The genomes of two distinct strains of the virus that causes the common lip cold sore, herpes simplex virus type 1 (HSV-1), have been identified within an individual person — an achievement that could be useful to forensic scientists for tracing a person’s history. The research also opens the door to understanding how a patient’s viruses influence the course of disease. The research by an international team led by Moriah L. Szpara, assistant professor of biochemistry and molecular biology at Penn State University, will be published in the May 2016 issue of the journal Virology.
Most people harbor HSV-1, frequently as a strain acquired from their mothers shortly after birth and carried for the rest of their lives. The new discovery was made with the help of a volunteer from the United States. The research revealed that one strain of the HSV-1 virus harbored by this individual is of a European/North American variety and the other is an Asian variety — likely acquired during the volunteer’s military service in the Korean War in the 1950s.
“It’s possible that more people have their life history documented at the molecular level in the HSV-1 strains they carry,” said Derek Gatherer, a lecturer in the Division of Biomedical and Life Sciences at Lancaster University in the United Kingdom and a member of the research team, which also includes scientists at Georgia State University, the University of Pittsburgh, and Princeton University.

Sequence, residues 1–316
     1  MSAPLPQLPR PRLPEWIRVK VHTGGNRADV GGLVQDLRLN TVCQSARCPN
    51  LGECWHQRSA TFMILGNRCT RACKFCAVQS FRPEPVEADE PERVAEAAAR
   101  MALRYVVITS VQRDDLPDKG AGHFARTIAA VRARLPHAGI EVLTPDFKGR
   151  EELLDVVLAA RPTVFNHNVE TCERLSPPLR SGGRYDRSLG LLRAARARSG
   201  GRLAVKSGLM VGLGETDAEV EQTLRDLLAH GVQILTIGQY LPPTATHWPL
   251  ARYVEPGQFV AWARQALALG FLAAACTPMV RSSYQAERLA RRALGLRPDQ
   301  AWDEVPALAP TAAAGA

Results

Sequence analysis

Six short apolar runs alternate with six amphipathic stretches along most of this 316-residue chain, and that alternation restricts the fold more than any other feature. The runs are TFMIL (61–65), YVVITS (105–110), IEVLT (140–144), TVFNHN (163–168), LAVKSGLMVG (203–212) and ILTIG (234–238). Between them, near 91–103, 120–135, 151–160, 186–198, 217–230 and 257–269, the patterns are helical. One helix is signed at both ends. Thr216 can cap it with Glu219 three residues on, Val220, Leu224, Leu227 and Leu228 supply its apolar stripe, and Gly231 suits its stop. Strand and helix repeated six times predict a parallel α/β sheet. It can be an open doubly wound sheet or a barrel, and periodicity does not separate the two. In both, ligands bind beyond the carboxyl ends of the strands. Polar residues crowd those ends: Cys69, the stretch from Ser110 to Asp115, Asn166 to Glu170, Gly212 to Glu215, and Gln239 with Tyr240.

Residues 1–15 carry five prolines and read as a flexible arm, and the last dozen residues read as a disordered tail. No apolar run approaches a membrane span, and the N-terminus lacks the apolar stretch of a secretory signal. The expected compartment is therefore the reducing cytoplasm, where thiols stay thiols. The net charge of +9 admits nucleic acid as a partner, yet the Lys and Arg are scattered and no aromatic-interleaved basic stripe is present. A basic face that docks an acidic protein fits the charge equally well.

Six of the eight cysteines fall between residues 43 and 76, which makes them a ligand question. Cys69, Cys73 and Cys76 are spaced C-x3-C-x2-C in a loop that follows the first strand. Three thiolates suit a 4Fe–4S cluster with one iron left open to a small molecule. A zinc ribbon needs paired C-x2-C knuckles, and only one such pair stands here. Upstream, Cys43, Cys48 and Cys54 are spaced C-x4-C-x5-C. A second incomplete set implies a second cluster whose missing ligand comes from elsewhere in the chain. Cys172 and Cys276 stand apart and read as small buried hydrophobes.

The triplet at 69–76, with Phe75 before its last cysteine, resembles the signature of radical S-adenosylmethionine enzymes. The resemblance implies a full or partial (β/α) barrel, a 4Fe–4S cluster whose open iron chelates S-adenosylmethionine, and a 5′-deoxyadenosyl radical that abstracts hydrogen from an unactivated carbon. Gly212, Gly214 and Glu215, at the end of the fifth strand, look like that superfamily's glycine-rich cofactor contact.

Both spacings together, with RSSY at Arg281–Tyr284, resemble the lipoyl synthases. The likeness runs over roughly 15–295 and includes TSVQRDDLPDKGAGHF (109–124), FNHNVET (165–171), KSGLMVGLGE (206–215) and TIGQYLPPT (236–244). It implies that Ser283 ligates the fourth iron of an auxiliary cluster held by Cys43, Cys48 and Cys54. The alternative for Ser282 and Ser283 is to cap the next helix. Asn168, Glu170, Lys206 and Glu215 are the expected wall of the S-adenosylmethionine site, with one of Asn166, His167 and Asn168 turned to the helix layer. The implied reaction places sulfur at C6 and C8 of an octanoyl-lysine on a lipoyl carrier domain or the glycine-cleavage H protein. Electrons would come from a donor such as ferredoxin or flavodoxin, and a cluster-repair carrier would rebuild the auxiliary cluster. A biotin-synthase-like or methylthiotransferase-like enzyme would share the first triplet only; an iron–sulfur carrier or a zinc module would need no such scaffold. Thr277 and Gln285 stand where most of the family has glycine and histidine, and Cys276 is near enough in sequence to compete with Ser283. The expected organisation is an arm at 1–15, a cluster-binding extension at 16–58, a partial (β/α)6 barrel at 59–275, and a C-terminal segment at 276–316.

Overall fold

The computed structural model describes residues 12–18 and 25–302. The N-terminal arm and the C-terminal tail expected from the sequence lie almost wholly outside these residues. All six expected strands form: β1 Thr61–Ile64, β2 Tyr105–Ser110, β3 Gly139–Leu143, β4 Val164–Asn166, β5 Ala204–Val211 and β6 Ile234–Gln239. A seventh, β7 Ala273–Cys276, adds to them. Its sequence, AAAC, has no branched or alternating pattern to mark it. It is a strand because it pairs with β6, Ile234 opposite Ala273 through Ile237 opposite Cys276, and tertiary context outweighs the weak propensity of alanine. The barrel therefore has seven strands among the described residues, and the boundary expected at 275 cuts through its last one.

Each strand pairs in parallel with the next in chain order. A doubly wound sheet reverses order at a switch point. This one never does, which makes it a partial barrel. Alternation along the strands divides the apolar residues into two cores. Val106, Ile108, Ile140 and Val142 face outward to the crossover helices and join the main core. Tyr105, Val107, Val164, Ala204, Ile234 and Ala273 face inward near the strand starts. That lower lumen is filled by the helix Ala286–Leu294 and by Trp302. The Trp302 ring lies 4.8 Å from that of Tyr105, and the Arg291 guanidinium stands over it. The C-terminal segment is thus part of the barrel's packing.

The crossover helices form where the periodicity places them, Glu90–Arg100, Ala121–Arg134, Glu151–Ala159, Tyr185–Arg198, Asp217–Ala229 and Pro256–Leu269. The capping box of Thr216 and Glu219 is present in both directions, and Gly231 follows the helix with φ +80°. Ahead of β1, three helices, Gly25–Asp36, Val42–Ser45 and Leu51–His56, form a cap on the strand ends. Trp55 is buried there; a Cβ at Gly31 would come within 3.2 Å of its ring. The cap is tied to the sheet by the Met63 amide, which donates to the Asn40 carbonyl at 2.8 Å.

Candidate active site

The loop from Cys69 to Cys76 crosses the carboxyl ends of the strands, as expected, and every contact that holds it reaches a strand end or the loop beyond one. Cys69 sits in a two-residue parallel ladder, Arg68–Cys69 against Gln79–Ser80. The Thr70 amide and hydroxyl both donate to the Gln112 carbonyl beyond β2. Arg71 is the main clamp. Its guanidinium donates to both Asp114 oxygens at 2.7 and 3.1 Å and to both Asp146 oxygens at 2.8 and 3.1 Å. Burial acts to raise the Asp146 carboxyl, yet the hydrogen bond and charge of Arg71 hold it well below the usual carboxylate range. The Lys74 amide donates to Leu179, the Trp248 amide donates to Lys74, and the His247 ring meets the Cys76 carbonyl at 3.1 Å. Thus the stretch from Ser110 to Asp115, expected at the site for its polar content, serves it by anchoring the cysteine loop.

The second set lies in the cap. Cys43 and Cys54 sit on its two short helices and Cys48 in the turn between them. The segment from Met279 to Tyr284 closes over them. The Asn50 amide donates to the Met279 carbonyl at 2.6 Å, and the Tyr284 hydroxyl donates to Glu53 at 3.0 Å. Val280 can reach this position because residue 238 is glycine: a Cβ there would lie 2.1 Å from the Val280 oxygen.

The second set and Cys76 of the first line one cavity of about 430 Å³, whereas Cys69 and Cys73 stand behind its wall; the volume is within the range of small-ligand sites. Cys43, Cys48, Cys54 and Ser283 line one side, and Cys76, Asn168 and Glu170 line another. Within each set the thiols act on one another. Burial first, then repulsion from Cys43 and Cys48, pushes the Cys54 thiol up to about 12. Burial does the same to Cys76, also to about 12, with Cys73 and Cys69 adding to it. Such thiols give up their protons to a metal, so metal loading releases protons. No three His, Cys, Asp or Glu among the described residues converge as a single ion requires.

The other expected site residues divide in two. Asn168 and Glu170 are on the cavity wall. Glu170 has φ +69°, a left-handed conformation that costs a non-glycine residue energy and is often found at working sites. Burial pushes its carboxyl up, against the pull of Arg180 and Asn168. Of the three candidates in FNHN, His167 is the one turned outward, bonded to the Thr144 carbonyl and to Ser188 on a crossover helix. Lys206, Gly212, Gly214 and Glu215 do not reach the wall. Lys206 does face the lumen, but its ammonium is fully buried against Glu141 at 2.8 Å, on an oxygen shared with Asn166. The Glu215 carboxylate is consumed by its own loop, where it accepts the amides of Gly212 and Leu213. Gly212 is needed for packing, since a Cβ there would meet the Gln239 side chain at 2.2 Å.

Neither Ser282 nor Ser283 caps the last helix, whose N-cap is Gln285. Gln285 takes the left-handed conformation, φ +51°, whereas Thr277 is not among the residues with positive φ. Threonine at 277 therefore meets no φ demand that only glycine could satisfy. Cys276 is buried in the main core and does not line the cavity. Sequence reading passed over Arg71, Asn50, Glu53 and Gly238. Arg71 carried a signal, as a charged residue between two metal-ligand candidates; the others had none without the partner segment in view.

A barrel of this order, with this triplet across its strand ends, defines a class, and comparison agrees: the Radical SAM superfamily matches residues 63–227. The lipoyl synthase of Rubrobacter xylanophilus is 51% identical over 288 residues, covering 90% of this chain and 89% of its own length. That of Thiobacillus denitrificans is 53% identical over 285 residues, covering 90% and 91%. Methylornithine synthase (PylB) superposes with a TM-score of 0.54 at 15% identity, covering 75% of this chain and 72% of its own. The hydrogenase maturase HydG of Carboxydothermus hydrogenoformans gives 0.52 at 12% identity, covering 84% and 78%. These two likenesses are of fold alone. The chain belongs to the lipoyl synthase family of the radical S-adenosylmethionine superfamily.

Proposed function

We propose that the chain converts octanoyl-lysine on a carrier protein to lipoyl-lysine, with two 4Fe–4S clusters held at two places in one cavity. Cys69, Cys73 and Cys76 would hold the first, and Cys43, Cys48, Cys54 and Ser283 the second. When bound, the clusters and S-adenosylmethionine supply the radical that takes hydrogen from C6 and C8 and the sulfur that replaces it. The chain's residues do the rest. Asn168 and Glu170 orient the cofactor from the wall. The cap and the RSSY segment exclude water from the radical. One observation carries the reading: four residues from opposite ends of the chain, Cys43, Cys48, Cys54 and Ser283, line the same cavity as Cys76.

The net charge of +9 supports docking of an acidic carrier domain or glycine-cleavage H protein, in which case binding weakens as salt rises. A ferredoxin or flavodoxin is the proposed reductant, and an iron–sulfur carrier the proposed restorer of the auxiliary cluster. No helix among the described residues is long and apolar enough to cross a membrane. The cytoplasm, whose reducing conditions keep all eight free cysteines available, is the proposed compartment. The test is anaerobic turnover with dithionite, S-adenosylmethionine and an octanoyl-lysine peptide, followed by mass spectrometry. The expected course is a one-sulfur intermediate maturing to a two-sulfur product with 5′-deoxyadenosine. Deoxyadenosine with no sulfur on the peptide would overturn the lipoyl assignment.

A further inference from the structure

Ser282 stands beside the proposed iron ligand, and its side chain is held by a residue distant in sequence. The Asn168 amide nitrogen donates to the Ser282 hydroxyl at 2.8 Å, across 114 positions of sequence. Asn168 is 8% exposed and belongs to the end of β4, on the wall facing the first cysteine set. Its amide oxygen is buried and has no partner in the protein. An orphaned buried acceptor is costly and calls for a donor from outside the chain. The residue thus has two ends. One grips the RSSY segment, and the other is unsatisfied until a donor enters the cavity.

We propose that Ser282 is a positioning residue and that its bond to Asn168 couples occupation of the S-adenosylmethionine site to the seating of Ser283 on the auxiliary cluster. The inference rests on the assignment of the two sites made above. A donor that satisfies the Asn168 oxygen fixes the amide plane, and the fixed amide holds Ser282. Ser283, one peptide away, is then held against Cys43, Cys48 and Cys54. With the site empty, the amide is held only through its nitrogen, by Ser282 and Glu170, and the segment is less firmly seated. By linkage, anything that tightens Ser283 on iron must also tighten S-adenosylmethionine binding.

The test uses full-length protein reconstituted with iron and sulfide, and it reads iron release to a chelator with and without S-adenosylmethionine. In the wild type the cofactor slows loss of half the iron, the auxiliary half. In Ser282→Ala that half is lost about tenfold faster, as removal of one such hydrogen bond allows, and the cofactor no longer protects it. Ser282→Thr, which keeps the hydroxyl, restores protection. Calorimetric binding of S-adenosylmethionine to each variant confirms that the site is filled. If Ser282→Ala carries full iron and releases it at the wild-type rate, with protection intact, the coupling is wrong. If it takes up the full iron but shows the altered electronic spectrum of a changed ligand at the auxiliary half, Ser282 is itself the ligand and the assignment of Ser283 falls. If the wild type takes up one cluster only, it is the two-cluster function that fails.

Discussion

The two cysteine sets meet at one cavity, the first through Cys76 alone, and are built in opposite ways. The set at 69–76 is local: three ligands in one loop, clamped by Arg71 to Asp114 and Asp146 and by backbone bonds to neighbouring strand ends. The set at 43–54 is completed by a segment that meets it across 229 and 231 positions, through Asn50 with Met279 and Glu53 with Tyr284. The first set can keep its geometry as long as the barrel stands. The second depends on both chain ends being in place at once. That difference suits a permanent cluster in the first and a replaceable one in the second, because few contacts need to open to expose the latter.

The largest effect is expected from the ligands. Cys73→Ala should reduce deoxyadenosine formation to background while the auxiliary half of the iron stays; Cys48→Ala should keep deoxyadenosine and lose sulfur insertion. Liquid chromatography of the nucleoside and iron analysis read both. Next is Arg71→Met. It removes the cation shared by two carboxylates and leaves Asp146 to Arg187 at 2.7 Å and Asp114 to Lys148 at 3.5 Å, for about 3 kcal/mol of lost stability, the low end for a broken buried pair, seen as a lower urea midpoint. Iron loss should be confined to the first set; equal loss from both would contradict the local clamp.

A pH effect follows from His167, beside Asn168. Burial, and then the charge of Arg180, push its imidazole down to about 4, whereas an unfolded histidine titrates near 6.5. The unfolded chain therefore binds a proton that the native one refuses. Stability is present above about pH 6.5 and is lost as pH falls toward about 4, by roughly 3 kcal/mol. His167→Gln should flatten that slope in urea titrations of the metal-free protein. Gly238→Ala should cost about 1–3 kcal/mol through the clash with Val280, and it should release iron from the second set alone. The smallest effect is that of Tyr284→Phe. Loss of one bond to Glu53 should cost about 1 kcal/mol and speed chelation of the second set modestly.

Earlier research by the same team has demonstrated that the geographical origin of HSV-1 can be predicted, as well. Since Asian, African, and European/North American varieties of the virus exist, and the virus is often acquired early in life, the research implies that a personal strain of HSV-1 can reflect a person’s origin. Another implication is that two individuals who have identical strains of HSV-1 are more likely to be related than those who have different strains.
“Using similar genetic fingerprinting of HSV-1 could help flesh out a person’s life story, adding an extra layer of genetic information not provided by our genomes alone. Forensic virology could be on the way in the same way in which we use genetic fingerprinting of our human DNA to locate perpetrators at the scene of a crime and to help trace the relatives of unidentified bodies,” Gatherer said.
“We’re working on better ways to sequence viral genomes from ever-smaller amounts of starting material, to allow identification and comparison of samples from diverse sources,” said Szpara, who also is affiliated with Penn State’s Huck Institutes of the Life Sciences. “Deep sequencing of viruses like HSV-1 will provide a better view of the viral genetic diversity that individuals harbor, and will provide valuable information about how that influences the course of disease.”
In addition to Szpara and Gatherer, other members of the research team include Christopher D. Bowen, Daniel W. Renner, and Jacob T. Shreve at Penn State (Eberly College of Science and Huck Institutes of the Life Sciences), Yolanda Tafuri at Princeton University, Kimberly M. Payne and Paul Kinchington at the University of Pittsburgh, and Richard D. Dix at Georgia State University and Emory University.
This research was supported by startup funds from Penn State University, along with funding from the National Institutes of Health, the Eye & Ear Institute of Pittsburgh, and Research to Prevent Blindness, Inc.